In 1857, Eugene R. Durkee created the product that helped make him famous, which today we call Durkee Famous Sauce. It was the first prepared and packaged salad dressing. To appreciate this endeavor, remember, this was created prior to refrigeration. It was carried west by the pioneers. Historians have found old, discarded Durkee dressing bottles along covered-wagon trails. Durkee Famous Sauce was even purported to be stocked in Mary Todd Lincoln's pantry and served to Abraham Lincoln in the White House during the Civil War.

***

Hooker: Buy a lady a drink?
Patron: As soon as one shows up.

My friend Frank says he has actually used this line. He is very tall and wide, though. I wouldn't dare. I hate pain.

***

Me: Don't mind me, I'm just part of the furniture here.
Dan Lunceford: I would never describe you as furniture. Furniture is utilitarian.

***

Four life stages of soprano: bel canto; can belto; can't belto; can't canto.

***

There are four types of tenors. A countertenor sings alto and even soprano parts in falsetto voice. Lyric tenors are for light romantic roles, while dramatic tenors are for tragic roles. Heldentenors (literally, “heroic tenors”) are for Wagner.

Two of my voice teachers said that if I had started younger I could have been a Heldentenor. The joke goes that there are four types of tenors:
  • A countertenor has no testicles.
  • A lyric tenor has one.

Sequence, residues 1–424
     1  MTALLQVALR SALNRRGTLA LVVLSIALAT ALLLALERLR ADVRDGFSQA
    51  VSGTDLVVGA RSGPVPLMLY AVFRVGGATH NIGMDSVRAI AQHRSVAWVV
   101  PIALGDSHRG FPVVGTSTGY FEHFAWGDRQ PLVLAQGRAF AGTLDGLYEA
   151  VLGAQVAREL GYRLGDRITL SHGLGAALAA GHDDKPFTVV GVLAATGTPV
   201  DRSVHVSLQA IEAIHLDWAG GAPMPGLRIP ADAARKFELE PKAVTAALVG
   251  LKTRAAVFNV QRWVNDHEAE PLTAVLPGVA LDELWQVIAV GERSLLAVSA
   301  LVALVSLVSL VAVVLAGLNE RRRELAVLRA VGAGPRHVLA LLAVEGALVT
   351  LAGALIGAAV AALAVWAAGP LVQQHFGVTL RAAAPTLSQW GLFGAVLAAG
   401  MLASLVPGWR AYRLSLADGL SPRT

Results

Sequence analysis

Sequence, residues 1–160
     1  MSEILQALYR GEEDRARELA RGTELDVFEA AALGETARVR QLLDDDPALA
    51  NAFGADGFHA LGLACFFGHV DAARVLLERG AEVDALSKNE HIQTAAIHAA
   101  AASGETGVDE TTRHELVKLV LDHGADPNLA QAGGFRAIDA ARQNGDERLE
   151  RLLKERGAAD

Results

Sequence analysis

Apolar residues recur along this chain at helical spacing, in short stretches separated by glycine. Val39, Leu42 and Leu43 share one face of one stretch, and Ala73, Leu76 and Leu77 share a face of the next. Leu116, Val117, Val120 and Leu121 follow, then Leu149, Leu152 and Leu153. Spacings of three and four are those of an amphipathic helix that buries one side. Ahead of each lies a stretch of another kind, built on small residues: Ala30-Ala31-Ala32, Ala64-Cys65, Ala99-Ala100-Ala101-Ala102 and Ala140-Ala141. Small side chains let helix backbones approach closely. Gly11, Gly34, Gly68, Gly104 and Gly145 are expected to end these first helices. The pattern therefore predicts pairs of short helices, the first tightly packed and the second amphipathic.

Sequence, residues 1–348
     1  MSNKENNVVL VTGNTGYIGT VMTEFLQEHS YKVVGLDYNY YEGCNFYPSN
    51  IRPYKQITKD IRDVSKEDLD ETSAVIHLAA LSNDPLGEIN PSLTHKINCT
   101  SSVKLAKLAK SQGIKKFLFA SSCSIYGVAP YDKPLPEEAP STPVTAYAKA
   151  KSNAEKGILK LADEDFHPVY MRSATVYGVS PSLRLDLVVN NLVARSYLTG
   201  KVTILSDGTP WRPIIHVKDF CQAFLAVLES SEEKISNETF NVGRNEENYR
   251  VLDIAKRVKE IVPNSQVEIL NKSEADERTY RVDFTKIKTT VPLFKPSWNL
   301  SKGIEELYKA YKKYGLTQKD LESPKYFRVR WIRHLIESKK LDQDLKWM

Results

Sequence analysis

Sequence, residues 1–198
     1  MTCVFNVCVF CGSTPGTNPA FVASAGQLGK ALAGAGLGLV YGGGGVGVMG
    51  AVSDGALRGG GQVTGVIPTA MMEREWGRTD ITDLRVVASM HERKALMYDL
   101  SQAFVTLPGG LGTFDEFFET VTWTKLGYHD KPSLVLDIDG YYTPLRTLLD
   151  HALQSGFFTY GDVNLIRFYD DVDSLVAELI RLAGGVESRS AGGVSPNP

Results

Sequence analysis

• A dramatic tenor has two.
  • A Heldentenor has two, but he is standing on one of them.

***

Neologism file: travedy = travesty x tragedy (Laurelle Powers)

***

Neologism file: cargyle = the diamond-shaped patch of debris in the middle of a busy intersection that both straight and turning cars miss (Gary Henderson)

***

Neologism file: quoozy = queasy x woozy (Nan)

***

Perl: The popular version of Intercal. (Dworkin Müller)

***

The video game Dance Dance Revolution requires that players dance around on a special mat to score. One friend of mine who was rather overweight at graduation showed up two years later looking quite svelte, and attributed it all to spending significant time playing it.

Marcia said there was a new one called Pole Dance Revolution that was being test-marketed at the Burning Man Festival.

***

Goddamn English people have ruined our language. (JS 2009-01-02)

***

Eastern New Mexico University in Portales is a first-rate school for music and performing arts, among other departments. However, compared with my alma mater New Mexico Tech, it is somewhat less strong in science.